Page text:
Gum Disease Prevention

We’ve stressed before how important your pets’ oral hygiene is to their overall health. Gum disease is a particular problem because, if gums are not properly maintained, it can have a direct impact on your furry friend’s vital organs. That means issues for kidneys, liver, and even heart.

Why Our Dogs Get Gum Disease

You can blame bacteria for that! Every time your pet eats, bacteria, food, saliva, and other types of particles form a sticky film over the teeth. This sticky film is plaque and you let it build up enough, it will harden into tartar, spreading from the teeth to the gums and other parts of the body.

Gum disease happens five times more often in dogs than in people. Dogs have a more alkaline mouth than humans, which further promotes plaque formation. And because most owners don’t brush their dog’s teeth every day, plaque-forming bacteria has the chance to multiply even more.

Symptoms

The first symptoms of gum disease, unfortunately, are no symptoms at all! Typically, pet owners notice any signs of gum disease when it has already drastically progressed. Long before you notice it, your dog may be suffering from chronic pain and instinctively hiding it from others. What pet owners do notice include:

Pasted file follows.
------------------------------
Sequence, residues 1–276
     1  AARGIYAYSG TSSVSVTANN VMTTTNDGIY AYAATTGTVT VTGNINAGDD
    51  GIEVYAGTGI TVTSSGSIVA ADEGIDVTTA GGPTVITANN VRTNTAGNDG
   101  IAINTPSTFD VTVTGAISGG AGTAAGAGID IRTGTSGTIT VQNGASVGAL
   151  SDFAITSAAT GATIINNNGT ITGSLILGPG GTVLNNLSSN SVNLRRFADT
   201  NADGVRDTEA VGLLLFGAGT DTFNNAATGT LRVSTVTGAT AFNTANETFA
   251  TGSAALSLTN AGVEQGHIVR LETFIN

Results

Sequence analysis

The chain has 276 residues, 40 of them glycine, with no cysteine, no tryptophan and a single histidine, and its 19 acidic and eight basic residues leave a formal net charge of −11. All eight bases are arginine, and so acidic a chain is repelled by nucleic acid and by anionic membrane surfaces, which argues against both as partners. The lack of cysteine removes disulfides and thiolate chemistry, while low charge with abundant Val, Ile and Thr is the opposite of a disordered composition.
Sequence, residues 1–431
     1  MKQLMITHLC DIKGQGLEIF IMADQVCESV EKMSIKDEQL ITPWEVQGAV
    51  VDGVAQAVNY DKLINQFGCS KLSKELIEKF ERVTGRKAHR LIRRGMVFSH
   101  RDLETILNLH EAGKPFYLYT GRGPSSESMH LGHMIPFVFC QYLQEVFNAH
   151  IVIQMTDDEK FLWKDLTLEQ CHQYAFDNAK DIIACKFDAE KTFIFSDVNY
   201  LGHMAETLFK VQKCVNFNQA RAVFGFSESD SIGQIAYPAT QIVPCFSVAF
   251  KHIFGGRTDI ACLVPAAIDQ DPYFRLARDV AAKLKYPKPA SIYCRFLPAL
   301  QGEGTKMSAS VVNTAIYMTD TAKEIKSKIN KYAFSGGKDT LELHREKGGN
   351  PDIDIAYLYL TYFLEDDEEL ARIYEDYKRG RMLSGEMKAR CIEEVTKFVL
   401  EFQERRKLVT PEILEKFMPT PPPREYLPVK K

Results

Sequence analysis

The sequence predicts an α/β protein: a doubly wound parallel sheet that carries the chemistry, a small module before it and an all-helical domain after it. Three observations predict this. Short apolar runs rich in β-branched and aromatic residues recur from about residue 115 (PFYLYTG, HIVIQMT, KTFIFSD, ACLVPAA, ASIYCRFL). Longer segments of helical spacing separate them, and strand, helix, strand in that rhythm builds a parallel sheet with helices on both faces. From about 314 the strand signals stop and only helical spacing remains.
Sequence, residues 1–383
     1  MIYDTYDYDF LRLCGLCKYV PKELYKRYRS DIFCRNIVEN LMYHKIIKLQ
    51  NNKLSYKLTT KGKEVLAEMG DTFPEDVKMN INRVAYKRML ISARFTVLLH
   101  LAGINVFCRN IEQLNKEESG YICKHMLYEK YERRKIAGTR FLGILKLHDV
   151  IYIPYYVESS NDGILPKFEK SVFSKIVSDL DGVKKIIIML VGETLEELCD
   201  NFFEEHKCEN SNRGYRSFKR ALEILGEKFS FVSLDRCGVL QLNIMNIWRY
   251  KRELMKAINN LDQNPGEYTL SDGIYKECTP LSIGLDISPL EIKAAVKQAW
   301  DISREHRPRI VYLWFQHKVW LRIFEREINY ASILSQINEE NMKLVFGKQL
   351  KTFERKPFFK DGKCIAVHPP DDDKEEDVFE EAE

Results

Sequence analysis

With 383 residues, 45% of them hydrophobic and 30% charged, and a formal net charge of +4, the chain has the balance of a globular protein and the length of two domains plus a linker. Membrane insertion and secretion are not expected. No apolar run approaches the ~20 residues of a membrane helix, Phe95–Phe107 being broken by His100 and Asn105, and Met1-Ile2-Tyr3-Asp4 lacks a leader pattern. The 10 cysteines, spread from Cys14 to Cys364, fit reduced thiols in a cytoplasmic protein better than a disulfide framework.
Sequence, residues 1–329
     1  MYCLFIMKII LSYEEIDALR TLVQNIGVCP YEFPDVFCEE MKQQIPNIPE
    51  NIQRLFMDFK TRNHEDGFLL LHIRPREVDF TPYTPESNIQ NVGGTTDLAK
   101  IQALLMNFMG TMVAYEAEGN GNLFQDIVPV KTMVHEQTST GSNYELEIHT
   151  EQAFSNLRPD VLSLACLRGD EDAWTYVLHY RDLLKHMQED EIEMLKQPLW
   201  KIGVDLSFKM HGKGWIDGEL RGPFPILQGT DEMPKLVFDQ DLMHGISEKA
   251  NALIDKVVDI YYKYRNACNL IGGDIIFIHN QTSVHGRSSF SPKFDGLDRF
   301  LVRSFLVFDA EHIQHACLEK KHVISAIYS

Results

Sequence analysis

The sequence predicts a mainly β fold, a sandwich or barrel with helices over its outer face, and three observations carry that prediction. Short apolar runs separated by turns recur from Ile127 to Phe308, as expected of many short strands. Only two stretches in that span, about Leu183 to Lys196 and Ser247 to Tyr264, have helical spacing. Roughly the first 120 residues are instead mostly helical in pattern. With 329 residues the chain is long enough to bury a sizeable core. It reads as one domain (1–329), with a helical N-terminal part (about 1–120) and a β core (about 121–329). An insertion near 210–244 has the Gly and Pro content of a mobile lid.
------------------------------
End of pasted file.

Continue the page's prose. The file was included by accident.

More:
• Bleeding or red gums
  • Loose teeth
  • Problems picking up or chewing food
  • Bad breath
  • Bumps or lumps in the mouth
  • Favoring one side of the mouth when chewing food

Gum Disease Prevention

The good news is that periodontal disease is easily preventable with a mixture of home dental care and annual veterinary dental care. What would your mouth look like if you never brushed your teeth? Well that’s exactly what will happen with your dog’s teeth if you do not regularly brush them. Regular brushing is the best way to prevent plaque build up and slow the progression of periodontal disease.

Furthermore, there are plenty of treats, chews, and water additives on the market that can be used to assist in preventative oral health for your pet. Of course, routine visits to us is also important in your pet’s oral healthcare program. Cleanings give us a chance to examine each and every tooth to make sure everything looks good. Radiographs also help us to evaluate parts of the tooth that cannot be seen with the naked eye.

All of this makes for a comprehensive oral care plan for your pet.